Skip to main content

On the importance of setting expectations

   The winter holidays are almost here, and the sense of excitement is in the air.  Even if you don’t celebrate anything in particular, you can look forward to the vacation week between Dec. 25th and Jan. 2nd forced upon us by office closings and our kids’ school break.  During this time, we tend to expect magic to happen: a wonderful family celebration, or perhaps that special present we have been dropping hints about.  We anticipate that everything will be just how we imagine it, but does reality match this expectation? Not usually...

   As humans, we are built to anticipate the future. In fact, forecasting and scenario analysis is what has kept us alive in an evolutionary sense, like: “If I leave food lying around in my cave, will a bear stumble into it and wreak havoc?” Yet, as Daniel Gilbert explains in his brilliant book, “Stumbling on Happiness,” humans tend to be terrible judges of what will make us happy. I won’t give away Gilbert’s punchline; only that he blames our “wild” imaginations for the lack of satisfaction with our real (as opposed to imagined) lives.

   My solution to the problem of reality not matching an imagined future is setting expectations, and I can give you a very concrete travel-related example of its importance.  Just about exactly 5 years ago, in December 2012, Mike and I embarked on a holiday vacation trip to Playa del Carmen, Mexico.  If you google the Fairmont Mayakoba hotel, where we booked a “Casita” style room, you would see images like these (though these ones are taken by me):
Vacation expectation
   What kind of a vacation comes to mind? Right, a beach vacation, and the word “casita” associates with a private beachfront bungalow. This is how we set our expectations.  But the reality was quite different.  The Fairmont is a sprawling resort built mainly on and around the canals of Mayakoba.  The main hotel building, as well as most of the casitas, are tucked away in the jungle, quite far away from the beach, and only a handful of bungalows have any kind of view of the ocean.  Right away, we were disappointed. Our casita didn’t have “the view” (at least, not one we expected).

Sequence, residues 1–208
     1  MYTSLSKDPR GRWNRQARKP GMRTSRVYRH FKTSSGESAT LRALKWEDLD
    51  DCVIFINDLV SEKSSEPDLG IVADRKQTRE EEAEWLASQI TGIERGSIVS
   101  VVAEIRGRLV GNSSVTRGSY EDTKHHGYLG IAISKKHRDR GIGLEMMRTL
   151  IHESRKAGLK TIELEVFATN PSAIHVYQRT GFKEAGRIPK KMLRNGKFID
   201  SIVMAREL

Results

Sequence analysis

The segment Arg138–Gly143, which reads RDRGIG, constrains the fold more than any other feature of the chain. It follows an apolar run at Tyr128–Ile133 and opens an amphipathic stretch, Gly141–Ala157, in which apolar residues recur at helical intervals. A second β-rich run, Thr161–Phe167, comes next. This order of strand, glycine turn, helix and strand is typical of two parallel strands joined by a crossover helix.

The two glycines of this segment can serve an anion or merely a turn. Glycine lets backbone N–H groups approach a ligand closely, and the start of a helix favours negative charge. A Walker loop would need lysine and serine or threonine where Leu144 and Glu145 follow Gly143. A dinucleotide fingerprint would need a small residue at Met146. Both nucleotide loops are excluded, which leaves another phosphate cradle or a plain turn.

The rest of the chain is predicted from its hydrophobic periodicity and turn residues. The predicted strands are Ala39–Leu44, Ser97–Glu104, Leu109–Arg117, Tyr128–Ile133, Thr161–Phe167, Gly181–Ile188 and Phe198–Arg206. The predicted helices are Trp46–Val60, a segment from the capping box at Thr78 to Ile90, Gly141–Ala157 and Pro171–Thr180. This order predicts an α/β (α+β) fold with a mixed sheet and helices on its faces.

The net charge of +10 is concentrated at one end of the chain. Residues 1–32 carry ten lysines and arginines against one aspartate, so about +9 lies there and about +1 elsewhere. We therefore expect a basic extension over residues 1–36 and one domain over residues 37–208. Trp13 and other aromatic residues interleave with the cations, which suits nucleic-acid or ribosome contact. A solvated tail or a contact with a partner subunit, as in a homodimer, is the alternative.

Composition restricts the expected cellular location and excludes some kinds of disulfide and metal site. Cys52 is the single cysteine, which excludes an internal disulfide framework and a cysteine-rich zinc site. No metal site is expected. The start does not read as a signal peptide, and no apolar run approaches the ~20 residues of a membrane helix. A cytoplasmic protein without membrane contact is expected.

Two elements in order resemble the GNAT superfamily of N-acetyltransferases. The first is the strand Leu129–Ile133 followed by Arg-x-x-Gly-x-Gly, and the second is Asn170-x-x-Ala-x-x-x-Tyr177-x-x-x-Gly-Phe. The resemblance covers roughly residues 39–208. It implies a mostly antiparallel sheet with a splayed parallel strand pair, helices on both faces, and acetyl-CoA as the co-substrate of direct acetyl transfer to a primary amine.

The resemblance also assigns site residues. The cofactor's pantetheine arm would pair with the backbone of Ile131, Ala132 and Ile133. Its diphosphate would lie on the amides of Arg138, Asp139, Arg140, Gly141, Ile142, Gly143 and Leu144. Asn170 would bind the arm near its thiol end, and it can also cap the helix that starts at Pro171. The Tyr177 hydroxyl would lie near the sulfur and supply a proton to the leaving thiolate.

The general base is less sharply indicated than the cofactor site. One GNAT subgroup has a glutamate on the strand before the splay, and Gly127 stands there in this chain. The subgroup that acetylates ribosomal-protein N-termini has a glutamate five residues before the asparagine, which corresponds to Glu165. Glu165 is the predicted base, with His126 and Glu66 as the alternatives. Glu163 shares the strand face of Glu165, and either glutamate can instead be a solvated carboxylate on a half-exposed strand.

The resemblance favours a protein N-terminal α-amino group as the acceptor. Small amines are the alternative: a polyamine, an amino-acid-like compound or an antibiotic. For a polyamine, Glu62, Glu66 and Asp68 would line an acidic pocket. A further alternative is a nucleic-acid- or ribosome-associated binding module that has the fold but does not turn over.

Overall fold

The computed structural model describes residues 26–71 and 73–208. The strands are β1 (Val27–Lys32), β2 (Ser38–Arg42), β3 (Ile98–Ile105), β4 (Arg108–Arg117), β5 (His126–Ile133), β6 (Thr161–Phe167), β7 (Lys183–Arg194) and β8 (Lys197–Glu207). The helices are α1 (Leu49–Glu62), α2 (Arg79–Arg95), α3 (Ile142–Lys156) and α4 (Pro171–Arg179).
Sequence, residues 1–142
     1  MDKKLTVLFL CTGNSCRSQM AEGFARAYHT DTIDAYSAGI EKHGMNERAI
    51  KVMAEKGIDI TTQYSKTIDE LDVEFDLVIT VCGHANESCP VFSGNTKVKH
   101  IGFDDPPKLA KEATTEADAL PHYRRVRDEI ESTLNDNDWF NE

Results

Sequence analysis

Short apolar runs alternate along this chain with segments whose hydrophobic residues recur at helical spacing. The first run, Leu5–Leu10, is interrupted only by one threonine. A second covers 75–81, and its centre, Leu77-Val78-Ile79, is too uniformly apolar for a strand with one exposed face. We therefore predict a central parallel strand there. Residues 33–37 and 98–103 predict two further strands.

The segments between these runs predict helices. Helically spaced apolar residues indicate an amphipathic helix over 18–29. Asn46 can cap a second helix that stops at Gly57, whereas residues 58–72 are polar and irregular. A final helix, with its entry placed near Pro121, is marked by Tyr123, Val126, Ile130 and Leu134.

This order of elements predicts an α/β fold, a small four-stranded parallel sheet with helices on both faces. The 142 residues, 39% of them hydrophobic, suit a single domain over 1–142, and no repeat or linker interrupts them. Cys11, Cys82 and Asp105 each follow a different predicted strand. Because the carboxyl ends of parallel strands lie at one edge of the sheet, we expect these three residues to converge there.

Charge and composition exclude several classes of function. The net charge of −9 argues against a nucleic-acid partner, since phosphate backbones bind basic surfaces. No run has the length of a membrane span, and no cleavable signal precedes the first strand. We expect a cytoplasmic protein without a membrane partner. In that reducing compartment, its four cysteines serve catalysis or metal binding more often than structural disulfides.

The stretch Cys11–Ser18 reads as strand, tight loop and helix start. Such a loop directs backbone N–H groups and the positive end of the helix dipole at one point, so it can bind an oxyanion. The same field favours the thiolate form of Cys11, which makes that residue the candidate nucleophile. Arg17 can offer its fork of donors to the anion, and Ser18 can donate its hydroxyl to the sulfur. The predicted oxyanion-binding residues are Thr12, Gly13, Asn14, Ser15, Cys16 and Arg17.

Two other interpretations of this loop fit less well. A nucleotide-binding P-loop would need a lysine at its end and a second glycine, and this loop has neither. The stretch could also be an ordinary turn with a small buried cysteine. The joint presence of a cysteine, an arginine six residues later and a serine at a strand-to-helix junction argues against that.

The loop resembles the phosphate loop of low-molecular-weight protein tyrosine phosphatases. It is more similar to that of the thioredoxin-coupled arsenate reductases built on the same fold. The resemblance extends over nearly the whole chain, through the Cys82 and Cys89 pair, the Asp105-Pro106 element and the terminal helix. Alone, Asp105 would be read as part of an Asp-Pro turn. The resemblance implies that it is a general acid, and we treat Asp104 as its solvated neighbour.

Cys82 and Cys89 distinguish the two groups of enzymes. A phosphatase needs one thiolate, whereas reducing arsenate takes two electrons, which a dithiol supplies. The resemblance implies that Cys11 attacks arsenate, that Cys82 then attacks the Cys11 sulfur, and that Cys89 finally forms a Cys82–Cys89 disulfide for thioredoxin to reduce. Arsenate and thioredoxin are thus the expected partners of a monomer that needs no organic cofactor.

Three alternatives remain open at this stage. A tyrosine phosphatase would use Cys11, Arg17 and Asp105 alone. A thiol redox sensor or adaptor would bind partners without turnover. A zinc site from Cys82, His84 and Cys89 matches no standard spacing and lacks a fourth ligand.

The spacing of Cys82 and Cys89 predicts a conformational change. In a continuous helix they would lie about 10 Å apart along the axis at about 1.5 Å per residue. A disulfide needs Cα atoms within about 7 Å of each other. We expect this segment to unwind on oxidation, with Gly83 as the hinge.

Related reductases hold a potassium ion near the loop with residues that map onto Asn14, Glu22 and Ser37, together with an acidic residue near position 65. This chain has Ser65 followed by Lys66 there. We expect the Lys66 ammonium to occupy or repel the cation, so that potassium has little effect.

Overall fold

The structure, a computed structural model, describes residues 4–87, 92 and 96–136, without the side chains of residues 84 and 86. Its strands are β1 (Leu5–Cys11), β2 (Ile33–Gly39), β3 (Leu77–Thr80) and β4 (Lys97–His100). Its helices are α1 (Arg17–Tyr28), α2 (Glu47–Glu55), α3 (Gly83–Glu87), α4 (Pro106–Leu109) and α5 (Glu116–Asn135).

Vacation reality
   To get to the beach, we had to ride on a golf cart, and it took a while to get there.  We ended up spending most of the vacation at the pools and off the resort.  (The parents reading this blog at this point are rolling their eyes. Boy, people who don’t have kids can be so spoiled! Yes, we were complete brats back then.)

   Fast forward 5 years to November 2017.  Extensive research revealed that the same Fairmont Mayakoba has a highly-rated and affordable kids club, which is why we booked it again – this time, for a family vacation with Evan.  We knew what to expect: canals, wildlife, lots of pool time, great food, and maybe one day at the beach.  The vacation turned out to be a huge success. The canals seemed beautiful and peaceful, and sitting by the pool seemed to be ultimate relaxation. (Who needs the hassle of washing off the sand and itching from the salt, right?)  Our room once again faced the jungle, but it seemed private and green and relaxing. We didn’t set expectations “low,” but we set them correctly.  More importantly, we knew we might not like the kids’ club after all, so we had no expectation of “adult time.” And when we got to actually have it, it felt like a bonus.

Pools can be very relaxing!